Animals always find a way in

Our home has comfortably set in the Maine woods for the last 15 years. I had grown up in the city and had always pined for country living, while my wife had grown up in the country and had always wanted to live in town.

A deer mouse nest in the engine of a car, like the one that made the engine of Charles Thompson’s van stick at high RPMs. Jay Ondreicka/Shutterstock.com

When we were looking for a house to buy, she refused to consider country living. I, on the other hand, vehemently said no to the city. We shopped for months yet couldn’t agree on anything. It almost felt like we were heading for separate residences! But then miraculously we found a piece of land that sits in the woods that feels like the country, yet we are two minutes to the middle of downtown. Problem solved, or so I thought!

We built our home and I have loved living here with the exception of occasional problematic wildlife neighbors. One year I mistakenly caught a skunk in my Havahart trap. Another year a very old mangy raccoon crawled up into my unfinished studio, made a lot of frightening noise and then froze. One summer a fisher cat woke us up nightly for several weeks wailing like an injured child.

Five years ago, I had the unfortunate experience of having back surgery. After eight weeks of recovery I was able to drive again. The first thing that I did was to fire up my van and drive to the end of our road. My entire life I associated driving with freedom. I drove up the street and by the time I returned my accelerator was stuck as the engine revved up to high RPMs.

I called my friend Larry, a mechanic, and shared my problem with him. He instructed me to take my air filter off and look inside. I removed my filter and there was a mouse nest inside. I took the filter out and shook it onto the ground and out stepped several mice that scrambled off into the woods. Again, problem solved, or so I thought. I hopped back into my van, started it and the engine revved back up. I called Larry again and shared my frustration. He assured me everything would be fine and he would come over to our house one evening and solve my problem.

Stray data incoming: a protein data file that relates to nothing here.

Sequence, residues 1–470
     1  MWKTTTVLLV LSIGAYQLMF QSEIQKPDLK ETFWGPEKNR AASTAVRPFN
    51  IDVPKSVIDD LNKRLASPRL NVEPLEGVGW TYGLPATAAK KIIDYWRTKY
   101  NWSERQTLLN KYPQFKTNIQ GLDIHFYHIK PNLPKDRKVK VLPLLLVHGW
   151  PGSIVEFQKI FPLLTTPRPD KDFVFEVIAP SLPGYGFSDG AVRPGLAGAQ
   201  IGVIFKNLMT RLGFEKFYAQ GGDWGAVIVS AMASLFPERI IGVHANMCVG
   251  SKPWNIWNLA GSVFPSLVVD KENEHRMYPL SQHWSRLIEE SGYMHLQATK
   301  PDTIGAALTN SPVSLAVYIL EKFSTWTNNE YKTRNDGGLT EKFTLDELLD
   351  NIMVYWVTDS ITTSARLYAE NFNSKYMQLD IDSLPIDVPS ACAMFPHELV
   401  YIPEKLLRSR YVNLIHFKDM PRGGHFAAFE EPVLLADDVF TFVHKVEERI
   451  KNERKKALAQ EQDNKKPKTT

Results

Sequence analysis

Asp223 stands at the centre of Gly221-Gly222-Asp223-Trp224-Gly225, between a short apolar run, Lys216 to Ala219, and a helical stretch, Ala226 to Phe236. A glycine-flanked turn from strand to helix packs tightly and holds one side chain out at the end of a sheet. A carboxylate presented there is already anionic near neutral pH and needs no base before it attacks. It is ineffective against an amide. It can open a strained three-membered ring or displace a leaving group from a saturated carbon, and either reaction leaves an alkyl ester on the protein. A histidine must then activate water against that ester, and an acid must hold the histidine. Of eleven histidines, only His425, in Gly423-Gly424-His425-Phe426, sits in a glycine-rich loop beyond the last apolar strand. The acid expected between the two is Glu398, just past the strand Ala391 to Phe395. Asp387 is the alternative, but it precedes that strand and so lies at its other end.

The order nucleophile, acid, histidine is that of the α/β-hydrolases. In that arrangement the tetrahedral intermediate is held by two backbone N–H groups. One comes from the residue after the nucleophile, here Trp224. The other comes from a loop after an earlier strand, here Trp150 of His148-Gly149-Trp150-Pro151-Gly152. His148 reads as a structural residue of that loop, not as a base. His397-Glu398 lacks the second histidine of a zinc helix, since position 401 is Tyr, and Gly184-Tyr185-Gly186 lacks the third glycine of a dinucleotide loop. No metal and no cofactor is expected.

The next week Larry showed up at our door about 8 pm and said he had solved my problem. He had quietly showed up, worked on my van and announced that he was done. He then told me the mice had created a nest in my air breather, worked their way down into the carburetor and got stuck – effectively sticking the throttle flap open making the engine stuck at high RPMs. Yikes! He opened the carburetor. Removed the dead mouse and solved my problem.

The next day I went online and found an electronic mouse blocker, ordered it and in two days the device was at my door. I got out my tools and installed the device and to this day I hope the mice think twice about taking up residence in my beloved van, though they do seem to like my studio.


Use the form below to reset your password. When you’ve submitted your account email, we will send an email with a reset code.

Leave a Reply

%d bloggers like this: